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Where The Locals Go In Sofia

 

 

Sofia, the capital of Bulgaria in the beating heart of the southern Balkans (with connections to Romania, Greece, Serbia and North Macedonia), is another frequently misunderstood city in East and Southeast Europe: its boxy communist heritage tends to overshadow its huge parks, proximity to nature, long history, and rich culture. Today, the lust for life and openness of its people and all the ways in which this corner of Europe is rapidly developing, and changing, should definitely put it on your radar. Follow these tips by Sofia locals and take another step on the road less travelled! Visit the whole country by rail with an Interrail Bulgaria Pass and the rest of Europe with a Global Pass. 

Dimitris Hall

Spotted by Locals

Unmissable bar on the hip street 
Made in Blue by Tsvetomira Filipova / Made in Blue FB page
Made in Blue by Tsvetomira Filipova / Made in Blue FB page

Made in Blue is in the area around trendy Shishman street where all the most hip and progressive establishments in Sofia seem to be popping up nowadays. This two-storey bar/restaurant is really impossible to miss, as the old building it’s located in is completely painted in blue from the outside (making the name quite fitting!). Every room is different and its menu is equally unusual -- hummus with veal and tripe, veal tongue with teriyaki and radishes, curry mussels with coconut, salad with cherries, sheep cheese and corn bread… It’s the opposite of typical Bulgarian!

The city’s healing springs 
Mineral Water by Boyko Blagoev / Bin im Garten
Mineral Water by Boyko Blagoev / Bin im Garten

Sofia should be famous for its mineral water. Instead, it is among its best kept secrets.  There are springs in the beating heart of the city where locals go with huge bottles to gather the (surprisingly) warm, sulfury, therapeutic water… completely for free. They used to say that Sofia’s water could “cure anything but a broken heart” -- find out for yourself if that is true! The old public bathhouse near the springs today serves as the Sofia History Museum.

A reading room in the garden 
Chitalnya by Chitalnya FB
Chitalnya by Chitalnya FB

The City Gardens is a very lively place, especially in summer. Locals gather here to drink beer in the open air (alcohol consumption in public is legal in Bulgaria) and enjoy the warm nights surrounded by majestic buildings such as the National Gallery and the National Theater. But there’s a little secret too: the tourist information pavillion in the middle of the gardens doubles as a reading room (or “Chitalnya”), where people can leave and take books as they please. Even if you can’t read Bulgarian, it’s definitely an ideal spot to make some progress in your own book!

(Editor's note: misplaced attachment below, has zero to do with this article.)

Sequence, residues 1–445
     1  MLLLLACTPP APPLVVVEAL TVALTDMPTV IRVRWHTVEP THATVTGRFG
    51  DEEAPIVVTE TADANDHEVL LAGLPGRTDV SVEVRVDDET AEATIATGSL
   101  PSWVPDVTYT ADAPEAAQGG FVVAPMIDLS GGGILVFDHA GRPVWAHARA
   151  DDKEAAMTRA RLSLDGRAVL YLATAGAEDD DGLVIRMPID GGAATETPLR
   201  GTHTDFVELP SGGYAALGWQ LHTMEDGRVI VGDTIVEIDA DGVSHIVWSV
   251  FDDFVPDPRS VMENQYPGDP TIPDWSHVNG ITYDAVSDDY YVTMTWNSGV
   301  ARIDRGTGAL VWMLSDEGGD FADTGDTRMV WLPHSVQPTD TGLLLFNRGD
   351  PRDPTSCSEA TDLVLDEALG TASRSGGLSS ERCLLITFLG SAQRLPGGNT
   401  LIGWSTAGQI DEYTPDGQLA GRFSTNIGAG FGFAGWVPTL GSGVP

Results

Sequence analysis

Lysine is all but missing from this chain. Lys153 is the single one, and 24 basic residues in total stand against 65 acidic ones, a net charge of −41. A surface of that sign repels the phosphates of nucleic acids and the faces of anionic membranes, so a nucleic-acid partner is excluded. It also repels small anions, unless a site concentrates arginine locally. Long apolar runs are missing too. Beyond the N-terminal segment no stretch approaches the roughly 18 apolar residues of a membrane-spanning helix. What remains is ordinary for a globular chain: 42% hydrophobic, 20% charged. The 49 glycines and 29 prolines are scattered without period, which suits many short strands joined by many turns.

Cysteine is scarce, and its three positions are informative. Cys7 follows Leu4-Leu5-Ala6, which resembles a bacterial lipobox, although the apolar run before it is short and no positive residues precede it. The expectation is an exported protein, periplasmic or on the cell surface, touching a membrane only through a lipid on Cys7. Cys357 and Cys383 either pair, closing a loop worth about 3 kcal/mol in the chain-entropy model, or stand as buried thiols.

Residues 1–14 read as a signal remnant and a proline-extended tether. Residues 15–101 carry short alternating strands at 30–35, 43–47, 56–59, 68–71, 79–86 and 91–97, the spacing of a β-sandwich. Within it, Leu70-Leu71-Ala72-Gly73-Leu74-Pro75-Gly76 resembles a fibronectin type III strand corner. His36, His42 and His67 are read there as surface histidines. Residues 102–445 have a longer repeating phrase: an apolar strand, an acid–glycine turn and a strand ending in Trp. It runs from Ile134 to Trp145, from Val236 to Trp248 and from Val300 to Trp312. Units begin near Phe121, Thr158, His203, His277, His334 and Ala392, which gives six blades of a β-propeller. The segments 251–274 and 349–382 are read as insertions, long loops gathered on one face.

Inconspicuous world currency central 
Nikar by Boyko Blagoev
Nikar by Boyko Blagoev

If you’re looking for a good euro/leva deal, look no further, as Nikar will definitely have the best rate possible anywhere in the city. But this spot actually carries much more than just euros or dollars. The owner takes pride in having stock of almost every currency available from anywhere in the world -- useful if you’re travelling around Europe by train, don’t you think? This is your chance to get just a tiny bit closer to those countries on your bucket list (Japan? India? Mexico? Iceland?) that might still feel far away.

Traditional Bulgarian grill in the park 
Skara Bar by Boyko Blagoev
Skara Bar by Boyko Blagoev

Sometimes, less is more, especially when it comes to menus. Skara Bar serves traditional Bulgarian meatballs (kyufte) with fries and salad, and they also make a killer lyutenitsa (the secret is in the cinnamon). Everything is made even better by their location in Zaimov park. Local Boyko recommends bringing your own wine (5€ for corkage) and finishing off the meal with some mint ice cream or pumpkin with walnut if you’re feeling like something heavier. 

Bohemian bar 
65 Svetulki by Yana Alexieva
65 Svetulki by Yana Alexieva

65 Svetulki (or 65 Fireflies) on Solunska St, not far from busy Vitosha Blvd, is the perfect haven for those looking for a more private garden to relax in the center. This alternative, Bohemian bar, complete with wooden furniture, bright colors, hanging lights and its grassy yard will make you feel as if you’re in a cozy hut! If you are keen on exploring the latest trends in Sofia’s nightlife, do not miss this spot. Just remember to book a table.

Upcycling HQ 
Zona Urbana by Tsvetomira Filipova
Zona Urbana by Tsvetomira Filipova

“Reduce, reuse, recycle” goes the motto -- even better if you upcycle your trash into something useful and pretty! Zona Urbana in Angel Kanchev Str. has bags, wallets, jewelry and other wares and accessories made using old vinyl records, Communist newspapers, computer hardware, music notation, maps of Sofia and more. Find here the perfect, unmistakably local gift for the recycling freak in you or your loved one.

A Communist-era speakeasy 
Hambara by Yovko Lambrev
Hambara by Yovko Lambrev

Have you ever been inside a candlelit bar? Back in Communist times, this place used to be a real speakeasy -- only if you knew the password were you allowed inside, and it’s said that the city’s intelligentsia hung out here. Today, there are still no signs announcing it, no lights (apart from the hundreds of candles) and Hambara feels like a well-kept secret even now. Keep in mind that smoking is more than allowed inside. 

For more local favorites across Europe, check out Spotted by Locals.

 

Header image by Stolichanin

 

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